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Ketanji Brown Jackson. Photo Credit: TOM WILLIAMS-POOL/GETTY IMAGES
Ketanji Brown Jackson. Photo Credit: TOM WILLIAMS-POOL/GETTY IMAGES

Ketanji Brown Jackson is one step closer to becoming the first Black woman in the U.S. Supreme Court

President Joe Biden nominated the judge to replace the retiring Stephen Breyer.

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President Joe Biden announced Friday that he has nominated Judge Ketanji Brown Jackson to the U.S. Supreme Court. 

The selection comes after Chief Justice Stephen Breyer announced his pending retirement in July, leaving a vacancy on the nine-person court. 

If confirmed as associate justice, Jackson would become the first Black woman to serve in the U.S. Supreme Court. She is currently a judge on the United States Court of Appeals for the District of Columbia Circuit, having been nominated to the court by Biden in April 2021, before being confirmed in June. 

“During this process, I looked for someone who, like Justice Breyer, has a pragmatic understanding that the law must work for the American people. Someone who has the historical perspective to understand that the Constitution is a resilient charter of liberty.  Someone with the wisdom to appreciate that the Constitution protects certain inalienable rights — rights that fall within the most fundamental personal freedoms that our society recognizes,” said Biden in a statement. 

This isn’t the first time Jackson has been a candidate for the U.S. Supreme Court. In 2016, after the death of Justice Antonin Scalia, Jackson was one of five candidates interviewed as a potential nominee for the vacancy that ultimately went to Justice Neil Gorsuch. 

Biden noted why his historic nomination holds so much weight in today’s society. 

“For too long, our government, our courts haven’t looked like America.  And I believe it’s time that we have a Court that reflects the full talents and greatness of our nation with a nominee of extraordinary qualifications and that we inspire all young people to believe that they can one day serve their country at the highest level,” he said. 

Prior to being elevated to the court of appeals, Jackson served as a federal judge on the United States District Court for the District of Columbia. She is also a former public defender, who served as a trial court judge in Washington. 

Jackson was born in Washington, D.C. and grew up in Miami, Florida. She is the daughter of public school teachers who later became leaders and administrators in the Miami-Dade Public School System.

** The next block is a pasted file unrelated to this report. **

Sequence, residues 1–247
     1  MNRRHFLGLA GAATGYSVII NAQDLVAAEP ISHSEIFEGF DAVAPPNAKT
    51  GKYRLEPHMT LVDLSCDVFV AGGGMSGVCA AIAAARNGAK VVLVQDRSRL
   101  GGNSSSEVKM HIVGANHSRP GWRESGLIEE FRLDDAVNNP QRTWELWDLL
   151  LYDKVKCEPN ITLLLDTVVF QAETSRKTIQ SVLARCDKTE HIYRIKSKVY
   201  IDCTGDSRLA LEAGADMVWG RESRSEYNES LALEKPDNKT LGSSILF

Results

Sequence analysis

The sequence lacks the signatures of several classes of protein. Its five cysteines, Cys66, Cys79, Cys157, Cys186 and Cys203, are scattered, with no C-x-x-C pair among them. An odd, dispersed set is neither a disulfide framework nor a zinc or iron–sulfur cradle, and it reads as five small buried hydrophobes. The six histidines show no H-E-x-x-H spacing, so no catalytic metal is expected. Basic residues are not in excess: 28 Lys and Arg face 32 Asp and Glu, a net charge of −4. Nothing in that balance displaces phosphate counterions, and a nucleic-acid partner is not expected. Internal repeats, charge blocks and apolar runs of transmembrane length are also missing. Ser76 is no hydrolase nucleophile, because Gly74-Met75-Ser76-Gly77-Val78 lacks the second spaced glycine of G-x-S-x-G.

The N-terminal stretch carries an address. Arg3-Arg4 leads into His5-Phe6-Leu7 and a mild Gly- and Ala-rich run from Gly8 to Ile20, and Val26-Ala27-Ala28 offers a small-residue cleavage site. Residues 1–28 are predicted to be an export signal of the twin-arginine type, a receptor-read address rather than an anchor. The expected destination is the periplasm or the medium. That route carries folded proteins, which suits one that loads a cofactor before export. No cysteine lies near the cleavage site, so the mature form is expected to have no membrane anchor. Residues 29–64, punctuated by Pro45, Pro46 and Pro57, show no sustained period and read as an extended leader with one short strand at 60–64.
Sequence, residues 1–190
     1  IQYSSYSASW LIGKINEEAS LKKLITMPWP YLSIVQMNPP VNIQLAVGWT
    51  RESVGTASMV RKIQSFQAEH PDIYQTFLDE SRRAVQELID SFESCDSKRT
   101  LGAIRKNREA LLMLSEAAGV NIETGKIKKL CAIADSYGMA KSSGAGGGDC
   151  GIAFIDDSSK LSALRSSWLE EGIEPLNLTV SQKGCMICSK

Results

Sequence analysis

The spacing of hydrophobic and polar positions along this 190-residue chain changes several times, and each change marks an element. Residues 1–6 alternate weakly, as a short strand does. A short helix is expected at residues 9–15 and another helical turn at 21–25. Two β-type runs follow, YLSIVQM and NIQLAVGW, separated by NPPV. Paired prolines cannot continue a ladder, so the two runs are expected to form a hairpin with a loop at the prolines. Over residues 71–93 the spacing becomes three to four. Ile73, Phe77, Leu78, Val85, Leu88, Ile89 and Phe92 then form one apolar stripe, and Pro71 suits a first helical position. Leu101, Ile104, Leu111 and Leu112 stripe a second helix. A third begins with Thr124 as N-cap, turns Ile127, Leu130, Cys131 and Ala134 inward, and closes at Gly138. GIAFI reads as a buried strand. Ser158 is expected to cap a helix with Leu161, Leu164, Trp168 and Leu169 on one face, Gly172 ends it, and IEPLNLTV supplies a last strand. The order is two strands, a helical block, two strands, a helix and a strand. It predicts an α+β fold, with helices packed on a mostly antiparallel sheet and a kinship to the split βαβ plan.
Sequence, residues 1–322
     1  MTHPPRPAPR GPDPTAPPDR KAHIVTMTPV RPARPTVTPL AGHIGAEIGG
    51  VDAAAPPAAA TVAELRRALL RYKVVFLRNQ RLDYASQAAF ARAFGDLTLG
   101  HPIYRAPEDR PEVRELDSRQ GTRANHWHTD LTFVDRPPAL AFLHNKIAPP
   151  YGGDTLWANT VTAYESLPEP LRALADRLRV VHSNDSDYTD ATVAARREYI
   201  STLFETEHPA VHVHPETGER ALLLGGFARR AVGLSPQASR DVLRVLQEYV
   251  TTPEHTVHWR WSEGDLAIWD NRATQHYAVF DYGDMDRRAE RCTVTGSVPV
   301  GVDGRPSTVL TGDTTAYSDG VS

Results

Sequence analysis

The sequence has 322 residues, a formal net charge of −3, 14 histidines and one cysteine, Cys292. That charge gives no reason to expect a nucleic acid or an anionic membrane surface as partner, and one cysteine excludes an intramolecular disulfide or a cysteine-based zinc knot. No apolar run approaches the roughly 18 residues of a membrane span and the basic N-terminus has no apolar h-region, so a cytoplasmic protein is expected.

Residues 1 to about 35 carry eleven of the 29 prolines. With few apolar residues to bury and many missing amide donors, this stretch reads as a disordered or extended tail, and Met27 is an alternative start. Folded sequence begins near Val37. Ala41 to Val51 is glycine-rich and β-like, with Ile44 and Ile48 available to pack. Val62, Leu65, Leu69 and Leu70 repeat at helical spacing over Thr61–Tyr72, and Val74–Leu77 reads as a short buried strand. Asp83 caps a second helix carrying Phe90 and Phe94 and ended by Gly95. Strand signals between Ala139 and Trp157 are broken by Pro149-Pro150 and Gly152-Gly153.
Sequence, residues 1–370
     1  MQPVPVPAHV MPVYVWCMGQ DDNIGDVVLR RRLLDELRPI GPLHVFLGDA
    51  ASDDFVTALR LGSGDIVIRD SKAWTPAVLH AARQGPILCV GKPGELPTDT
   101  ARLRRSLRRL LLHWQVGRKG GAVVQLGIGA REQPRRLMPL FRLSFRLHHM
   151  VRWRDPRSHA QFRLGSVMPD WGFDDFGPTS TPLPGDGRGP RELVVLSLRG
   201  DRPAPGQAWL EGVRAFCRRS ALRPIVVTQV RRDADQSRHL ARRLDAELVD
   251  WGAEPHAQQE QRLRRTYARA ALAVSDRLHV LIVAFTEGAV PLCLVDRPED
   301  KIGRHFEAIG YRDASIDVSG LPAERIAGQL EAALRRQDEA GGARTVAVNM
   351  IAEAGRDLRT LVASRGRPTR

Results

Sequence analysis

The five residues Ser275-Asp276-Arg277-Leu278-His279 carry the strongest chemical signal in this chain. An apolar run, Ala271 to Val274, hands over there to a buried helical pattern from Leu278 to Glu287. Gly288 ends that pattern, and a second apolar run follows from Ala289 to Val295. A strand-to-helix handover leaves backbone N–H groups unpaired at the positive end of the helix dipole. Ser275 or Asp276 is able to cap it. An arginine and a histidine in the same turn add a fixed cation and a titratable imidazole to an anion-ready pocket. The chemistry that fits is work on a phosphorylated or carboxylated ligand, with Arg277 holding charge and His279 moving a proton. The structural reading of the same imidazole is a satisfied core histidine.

A product of the same public school system herself, Jackson graduated from Miami Palmetto Senior High School, which then led her to graduate magna cum laude from Harvard University. She then went on to attend Harvard Law School, where she graduated cum laude and was also editor of the Harvard Law Review. 

In 1999, Jackson became a law clerk for Breyer, and helped shape federal sentencing policy in the U.S. Sentencing Commission after stints at private law firms.  

During her remarks at the White House, Jackson took the time to thank Breyer.

“Justice Breyer, in particular, not only gave me the greatest job that any young lawyer could ever hope to have, but he also exemplified every day, in every way, that a Supreme Court justice can perform at the highest level of skill and integrity, while also being guided by civility, grace, pragmatism and generosity of spirit," she said. 

Many elected officials and political figures took to social media to extend their congratulations to Jackson, particularly those who have made history in their own right. 

This includes Barack Obama, the U.S.’s first Black president:

Cori Bush, who is the first Black woman to serve in the U.S. House of Representatives from Missouri: 

Elizabeth Warren, the first woman elected senator in Massachusetts:

Jackson is scheduled to meet with top Democratic and Republican senators this week as the confirmation process for the Supreme Court gets underway.  

If confirmed, Jackson’s appointment onto the U.S. Supreme Court could hopefully lay the foundation as a critical step in improving the judicial system, making it one that is just for all. 

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